Hello everyone,

I'm having a bit of trouble understanding the following proof of this problem:
"Prove that ABFE is a chordal quadrileteral."

Proof given by solutions book:

"Angle A = 1/2*arc CD - 1/2*arc ED = 90o- 1/2*arc ED.
Angle EFC = 1/2*arc EC = 1/2*(arc CD - arc ED) = 90o- 1/2*arc ED.
=> Angle A = Angle EFC.
Angle A + Angle EFB = Angle EFC + Angle EFB = 180o.
Thus ABFE is a chordal quadrileteral."

I do understand the logic of the proof and the whole conclusion, however I am stuck at the beginning, where the angles are given as arcs. Could anybody explain to me how this is done?

Tom

2. ## Re: Chordal quadrileteral problem

Originally Posted by tomkoolen
Hello everyone,

I'm having a bit of trouble understanding the following proof of this problem:
"Prove that ABFE is a chordal quadrileteral."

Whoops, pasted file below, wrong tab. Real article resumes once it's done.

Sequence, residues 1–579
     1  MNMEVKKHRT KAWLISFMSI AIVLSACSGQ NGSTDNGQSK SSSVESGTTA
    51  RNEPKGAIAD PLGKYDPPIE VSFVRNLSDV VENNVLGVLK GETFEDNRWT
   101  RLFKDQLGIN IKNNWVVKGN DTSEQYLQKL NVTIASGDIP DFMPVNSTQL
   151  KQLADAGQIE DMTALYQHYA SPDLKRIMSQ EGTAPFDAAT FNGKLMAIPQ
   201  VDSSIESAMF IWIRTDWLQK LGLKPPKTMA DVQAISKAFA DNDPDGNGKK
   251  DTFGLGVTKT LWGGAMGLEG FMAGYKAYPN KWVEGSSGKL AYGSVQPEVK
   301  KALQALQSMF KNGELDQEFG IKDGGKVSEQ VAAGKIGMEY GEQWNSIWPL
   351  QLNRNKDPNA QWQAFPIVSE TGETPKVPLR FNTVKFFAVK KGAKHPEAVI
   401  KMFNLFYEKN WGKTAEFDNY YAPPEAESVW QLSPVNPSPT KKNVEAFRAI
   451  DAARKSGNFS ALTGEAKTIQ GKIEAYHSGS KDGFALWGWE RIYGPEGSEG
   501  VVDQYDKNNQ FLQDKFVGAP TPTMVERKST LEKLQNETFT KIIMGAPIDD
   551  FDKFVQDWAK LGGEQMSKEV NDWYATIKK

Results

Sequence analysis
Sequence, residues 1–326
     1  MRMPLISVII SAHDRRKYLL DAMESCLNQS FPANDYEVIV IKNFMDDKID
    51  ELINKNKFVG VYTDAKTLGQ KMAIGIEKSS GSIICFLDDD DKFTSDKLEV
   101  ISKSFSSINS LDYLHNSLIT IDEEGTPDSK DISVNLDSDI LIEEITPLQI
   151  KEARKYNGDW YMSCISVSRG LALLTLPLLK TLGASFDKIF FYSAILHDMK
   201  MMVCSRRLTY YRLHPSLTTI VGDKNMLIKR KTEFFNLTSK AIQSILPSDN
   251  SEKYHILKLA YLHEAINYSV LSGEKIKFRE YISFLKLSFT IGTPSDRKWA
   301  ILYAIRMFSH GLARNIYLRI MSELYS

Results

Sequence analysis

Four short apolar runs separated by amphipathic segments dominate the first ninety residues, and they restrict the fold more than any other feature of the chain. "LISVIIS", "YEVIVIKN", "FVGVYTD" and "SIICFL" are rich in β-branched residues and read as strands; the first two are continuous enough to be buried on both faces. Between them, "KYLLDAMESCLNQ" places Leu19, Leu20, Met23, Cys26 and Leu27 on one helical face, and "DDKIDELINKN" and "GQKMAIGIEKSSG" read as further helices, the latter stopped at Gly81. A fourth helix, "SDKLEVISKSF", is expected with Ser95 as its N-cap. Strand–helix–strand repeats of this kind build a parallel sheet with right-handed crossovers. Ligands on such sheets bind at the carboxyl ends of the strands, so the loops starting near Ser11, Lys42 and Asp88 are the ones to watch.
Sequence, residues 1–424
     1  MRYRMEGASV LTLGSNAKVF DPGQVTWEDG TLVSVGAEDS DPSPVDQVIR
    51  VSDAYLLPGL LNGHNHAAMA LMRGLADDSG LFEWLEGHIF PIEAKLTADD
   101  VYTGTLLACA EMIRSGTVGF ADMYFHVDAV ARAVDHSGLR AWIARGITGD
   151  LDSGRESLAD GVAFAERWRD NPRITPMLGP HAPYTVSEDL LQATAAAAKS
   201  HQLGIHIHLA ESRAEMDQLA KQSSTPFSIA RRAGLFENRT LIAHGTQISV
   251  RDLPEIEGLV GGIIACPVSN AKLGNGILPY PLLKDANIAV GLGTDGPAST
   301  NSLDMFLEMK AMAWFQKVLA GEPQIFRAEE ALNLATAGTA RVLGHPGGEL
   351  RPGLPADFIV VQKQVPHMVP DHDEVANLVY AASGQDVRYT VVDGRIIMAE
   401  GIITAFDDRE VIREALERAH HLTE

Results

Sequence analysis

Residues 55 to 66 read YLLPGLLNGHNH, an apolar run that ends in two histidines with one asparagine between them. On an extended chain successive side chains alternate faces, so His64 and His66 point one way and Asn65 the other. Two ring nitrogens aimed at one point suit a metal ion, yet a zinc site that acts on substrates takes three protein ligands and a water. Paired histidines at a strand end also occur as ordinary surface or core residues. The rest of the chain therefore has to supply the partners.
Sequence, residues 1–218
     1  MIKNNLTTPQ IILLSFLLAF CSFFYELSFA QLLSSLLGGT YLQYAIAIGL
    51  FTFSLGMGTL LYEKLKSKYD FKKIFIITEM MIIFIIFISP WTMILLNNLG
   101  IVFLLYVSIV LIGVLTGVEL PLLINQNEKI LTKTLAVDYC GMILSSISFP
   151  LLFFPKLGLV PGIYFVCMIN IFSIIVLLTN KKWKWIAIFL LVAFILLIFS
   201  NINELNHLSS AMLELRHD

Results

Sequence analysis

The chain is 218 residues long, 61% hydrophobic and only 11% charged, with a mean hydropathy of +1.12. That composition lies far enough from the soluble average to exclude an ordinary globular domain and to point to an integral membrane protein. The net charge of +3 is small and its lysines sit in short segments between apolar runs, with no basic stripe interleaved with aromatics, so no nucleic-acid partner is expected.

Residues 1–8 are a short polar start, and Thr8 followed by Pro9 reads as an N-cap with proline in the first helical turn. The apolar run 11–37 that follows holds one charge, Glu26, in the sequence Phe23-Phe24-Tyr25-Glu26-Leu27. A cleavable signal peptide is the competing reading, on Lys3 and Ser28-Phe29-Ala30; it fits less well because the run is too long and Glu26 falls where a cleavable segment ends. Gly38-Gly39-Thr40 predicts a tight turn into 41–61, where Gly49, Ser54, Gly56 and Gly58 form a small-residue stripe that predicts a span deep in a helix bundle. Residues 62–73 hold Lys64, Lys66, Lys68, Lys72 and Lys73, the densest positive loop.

Proof given by solutions book:

"Angle A = 1/2*arc CD - 1/2*arc ED = 90o- 1/2*arc ED.
Angle EFC = 1/2*arc EC = 1/2*(arc CD - arc ED) = 90o- 1/2*arc ED.
=> Angle A = Angle EFC.
Angle A + Angle EFB = Angle EFC + Angle EFB = 180o.
Thus ABFE is a chordal quadrileteral."

I do understand the logic of the proof and the whole conclusion, however I am stuck at the beginning, where the angles are given as arcs. Could anybody explain to me how this is done?

Tom

3. ## Re: Chordal quadrileteral problem

It is in America more often called cyclic quadrilateral; a quadrilateral with all of its vertices on a circle.

4. ## Re: Chordal quadrileteral problem

Hi,

In a circle an arc angle is the length of the arc divided by the radius of the circle (formula $s=r\theta$). Equivalently, an arc angle is the measure of the "central" angle; i.e. the angle from the center of the circle with endpoints the endpoints of the arc. Here's the theorem which is the first line of your proof: